20th May 2000

Kaufman on Cannes

posted in `Roids |

For nearly thirty years I have been a faithful attendant of and participant in the festivities known as the Cannes Film Festival and Market. Over this period, the Troma Team and I have achieved a sort of notoriety based on our outlandish behavior and unique cinematic contributions (as well as what others might call my unconventional sartorial sense ). Cannes has always been a great opportunity for the Troma Team to commune with our global fan base. In other words, we can get drunk with people who like us .

The Cannes Troma Team was the largest it has ever been this year. Over 40 strong, Troma woke up the world with its rowdy parades (and demonstrations ) up and down the Croisette . Many interns from around the world (Germany, Switzerland, France, England) gave two weeks of their lives (and slept in the subhuman conditions of the three Tromapartments) to spread the Troma message. My thanks to Tobias Suhm, his lovely girlfriend Katja, Olivier Tendon, Andre Mistier, Lucille Pivert and all the others who gave their time to help us out. Special thanks are also due to Florian Schuura and Ash L’ange, two filmmakers who commemorated our efforts in Cannes in a documentary entitled Troma’s War. We even met some breakdancers on the street who helped us promote in front of the Carlton Hotel.

This kind of appreciation and good will is worth more than a Palm D’Or, an Oscar or even a Golden Globe . The results of the efforts of all these people were evident at the premiere screenings of TERROR FIRMER – all three screenings of the film were overflowing with people. There was a genuine excitement surrounding Troma. The enthusiasm of the young people rubbed off on all those around us. Every year we are invited to more parties, due to the fact that we are always willing to get completely drunk and embarrass ourselves, to the entertainment of the other exhibitors.

Despite the great films and filmmakers that were at Cannes – Kevin Smith with Dogma, John Sayles with Limbo, the Blair Witch Project guys – there seemed to be a general lack of excitement for the Festival. It is no longer the nonstop celebration of cinema I remember from my youth. The fact that a film like Entrapment would be an Official Selection of the Festival betrayed just how short the Cannes Film Festival has sold itself. Good films that are selected are dwarfed by multimillion dollar publicity campaigns for shit films that have no business being involved in the festival. The resulting languor manifested itself in everything from the press coverage (down once again), attendance (down), and party size (scaled back so far that there was barely enough crack cocaine for all the Eurotrash hangers on).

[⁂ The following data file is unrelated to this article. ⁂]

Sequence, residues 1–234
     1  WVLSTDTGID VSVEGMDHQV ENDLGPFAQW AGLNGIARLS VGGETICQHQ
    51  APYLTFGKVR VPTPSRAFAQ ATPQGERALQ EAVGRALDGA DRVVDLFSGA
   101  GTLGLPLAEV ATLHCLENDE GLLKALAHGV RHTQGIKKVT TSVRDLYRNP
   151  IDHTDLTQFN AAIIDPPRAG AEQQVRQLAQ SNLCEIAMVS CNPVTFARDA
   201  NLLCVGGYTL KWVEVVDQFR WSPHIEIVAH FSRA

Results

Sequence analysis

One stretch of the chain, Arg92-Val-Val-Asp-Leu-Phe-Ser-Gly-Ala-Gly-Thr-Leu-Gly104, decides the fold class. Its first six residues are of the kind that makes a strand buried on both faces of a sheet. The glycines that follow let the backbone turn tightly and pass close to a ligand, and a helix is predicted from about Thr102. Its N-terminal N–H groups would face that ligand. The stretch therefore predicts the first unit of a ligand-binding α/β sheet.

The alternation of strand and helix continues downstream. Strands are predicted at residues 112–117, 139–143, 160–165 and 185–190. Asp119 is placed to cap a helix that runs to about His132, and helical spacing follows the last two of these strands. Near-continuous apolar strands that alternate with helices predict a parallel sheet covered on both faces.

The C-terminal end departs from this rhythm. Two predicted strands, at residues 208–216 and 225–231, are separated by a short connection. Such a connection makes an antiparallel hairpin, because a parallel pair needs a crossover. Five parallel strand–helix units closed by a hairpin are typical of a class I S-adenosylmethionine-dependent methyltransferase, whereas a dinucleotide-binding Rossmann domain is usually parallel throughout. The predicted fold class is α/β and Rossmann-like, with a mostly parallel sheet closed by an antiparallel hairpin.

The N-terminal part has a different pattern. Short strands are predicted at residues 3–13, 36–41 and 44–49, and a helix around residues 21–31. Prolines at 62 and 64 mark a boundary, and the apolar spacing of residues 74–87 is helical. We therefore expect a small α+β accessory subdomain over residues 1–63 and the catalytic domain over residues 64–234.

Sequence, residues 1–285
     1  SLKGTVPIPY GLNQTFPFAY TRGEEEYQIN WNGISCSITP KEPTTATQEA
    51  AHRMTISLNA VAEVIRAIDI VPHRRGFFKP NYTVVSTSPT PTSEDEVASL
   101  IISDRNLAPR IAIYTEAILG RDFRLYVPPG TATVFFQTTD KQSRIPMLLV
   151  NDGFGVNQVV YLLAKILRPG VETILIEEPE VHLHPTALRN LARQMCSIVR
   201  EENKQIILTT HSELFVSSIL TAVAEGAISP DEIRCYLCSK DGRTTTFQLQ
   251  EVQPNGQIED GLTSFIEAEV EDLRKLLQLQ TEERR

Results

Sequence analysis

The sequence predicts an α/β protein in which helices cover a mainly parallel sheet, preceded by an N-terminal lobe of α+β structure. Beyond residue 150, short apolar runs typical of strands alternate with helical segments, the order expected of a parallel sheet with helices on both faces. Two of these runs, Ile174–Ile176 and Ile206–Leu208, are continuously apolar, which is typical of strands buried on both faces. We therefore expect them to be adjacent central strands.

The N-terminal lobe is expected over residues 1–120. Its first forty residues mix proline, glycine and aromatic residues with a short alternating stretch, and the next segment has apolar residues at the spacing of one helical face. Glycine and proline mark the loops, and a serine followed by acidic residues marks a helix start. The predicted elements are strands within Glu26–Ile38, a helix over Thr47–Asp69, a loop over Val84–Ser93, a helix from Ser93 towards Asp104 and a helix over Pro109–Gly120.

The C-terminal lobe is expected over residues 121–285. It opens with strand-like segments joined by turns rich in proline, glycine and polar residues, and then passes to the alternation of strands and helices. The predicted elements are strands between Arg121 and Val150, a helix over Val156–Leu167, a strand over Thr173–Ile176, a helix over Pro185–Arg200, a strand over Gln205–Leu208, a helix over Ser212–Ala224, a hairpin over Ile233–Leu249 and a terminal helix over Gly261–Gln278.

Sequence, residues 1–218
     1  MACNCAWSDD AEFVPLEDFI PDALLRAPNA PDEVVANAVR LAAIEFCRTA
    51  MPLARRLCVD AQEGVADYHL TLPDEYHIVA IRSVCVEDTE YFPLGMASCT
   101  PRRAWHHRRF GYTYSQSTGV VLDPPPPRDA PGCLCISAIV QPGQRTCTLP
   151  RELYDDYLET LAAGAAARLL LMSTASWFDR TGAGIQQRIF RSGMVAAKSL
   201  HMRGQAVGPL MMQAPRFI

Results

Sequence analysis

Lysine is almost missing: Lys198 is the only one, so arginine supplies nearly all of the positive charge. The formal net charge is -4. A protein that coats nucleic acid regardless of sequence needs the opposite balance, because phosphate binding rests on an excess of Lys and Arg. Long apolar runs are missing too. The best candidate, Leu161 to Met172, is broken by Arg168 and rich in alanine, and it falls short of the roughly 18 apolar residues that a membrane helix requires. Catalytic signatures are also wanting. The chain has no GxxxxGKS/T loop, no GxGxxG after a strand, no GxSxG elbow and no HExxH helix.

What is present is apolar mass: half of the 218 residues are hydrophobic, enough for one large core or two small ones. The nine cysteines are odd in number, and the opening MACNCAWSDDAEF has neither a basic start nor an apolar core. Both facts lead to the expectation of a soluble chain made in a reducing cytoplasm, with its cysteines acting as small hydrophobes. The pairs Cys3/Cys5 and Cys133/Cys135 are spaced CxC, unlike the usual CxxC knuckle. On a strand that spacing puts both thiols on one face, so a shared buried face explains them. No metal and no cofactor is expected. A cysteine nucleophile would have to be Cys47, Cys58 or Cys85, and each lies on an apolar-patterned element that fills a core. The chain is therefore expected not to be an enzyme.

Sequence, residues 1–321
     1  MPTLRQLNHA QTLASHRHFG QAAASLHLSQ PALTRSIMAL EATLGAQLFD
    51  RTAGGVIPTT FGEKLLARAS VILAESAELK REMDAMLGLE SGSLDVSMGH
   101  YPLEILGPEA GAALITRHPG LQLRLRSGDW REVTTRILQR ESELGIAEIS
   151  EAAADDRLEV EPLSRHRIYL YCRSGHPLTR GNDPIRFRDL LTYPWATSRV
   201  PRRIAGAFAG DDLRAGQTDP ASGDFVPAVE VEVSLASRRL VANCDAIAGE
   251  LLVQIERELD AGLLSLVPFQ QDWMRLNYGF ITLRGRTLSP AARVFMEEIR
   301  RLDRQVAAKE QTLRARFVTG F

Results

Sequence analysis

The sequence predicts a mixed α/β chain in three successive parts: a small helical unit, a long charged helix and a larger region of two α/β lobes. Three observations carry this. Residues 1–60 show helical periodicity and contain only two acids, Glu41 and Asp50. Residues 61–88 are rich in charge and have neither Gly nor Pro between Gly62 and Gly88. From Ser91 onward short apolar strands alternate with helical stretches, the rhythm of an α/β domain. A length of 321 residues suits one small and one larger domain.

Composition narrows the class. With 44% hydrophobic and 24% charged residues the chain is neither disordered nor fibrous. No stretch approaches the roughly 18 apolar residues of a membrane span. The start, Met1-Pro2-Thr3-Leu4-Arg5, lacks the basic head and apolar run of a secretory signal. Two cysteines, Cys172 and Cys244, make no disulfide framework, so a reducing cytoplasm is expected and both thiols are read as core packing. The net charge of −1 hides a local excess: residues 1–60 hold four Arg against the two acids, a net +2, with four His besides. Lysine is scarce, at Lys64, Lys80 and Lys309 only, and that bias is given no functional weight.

Some of the best films in Cannes were part of the Market . Troma movies, like Back Road Diner and Tainted, got huge responses from those who were able to get in to see them. The sense of adventure and innovation that once marked the Festival lives on in groundbreaking films from around the world. The cinema of Spain and Italy (including Dario Argento’s The Phantom of the Opera) outstrips almost any contributions the Americans have made recently.

Yet, there was a pervasive sense of death which inevitably accompanied the stench of the rotting corpse of the Cannes Film Festival. Perpetually subverting itself to the agendas of megaconglomerates and Hollywood interests has made rendered the Festival unrecognizable to longtime devotees. That is not to say that the Festival cannot be revivified (like the redneck zombies in the eponymous Redneck Zombies), but that it currently shows no signs of doing so.

With the decline of Cannes, the world is looking to other festivals for exciting cinema. This has allowed other excellent festivals around the world to rise in prominence and take the place of Cannes. Rome’s FantaFestival, the Brussels International Festival of Fantasy and Horror, the Sitges (Spain) Film Festival, Tokyo’s Fantastic Film Festival and the FantAsia Film Festival in Montreal are a few of the cutting edge places where one can expect to find exceptional movies for the next millennium.

Troma will return to Cannes. The Troma Team – the young idealists who constantly inspire me to continue my quest for independent cinema – will continue to act as the antidote to the pomposity, the uselessness and the slow creeping death that has come to characterize the Cannes Film Festival and its denizens.

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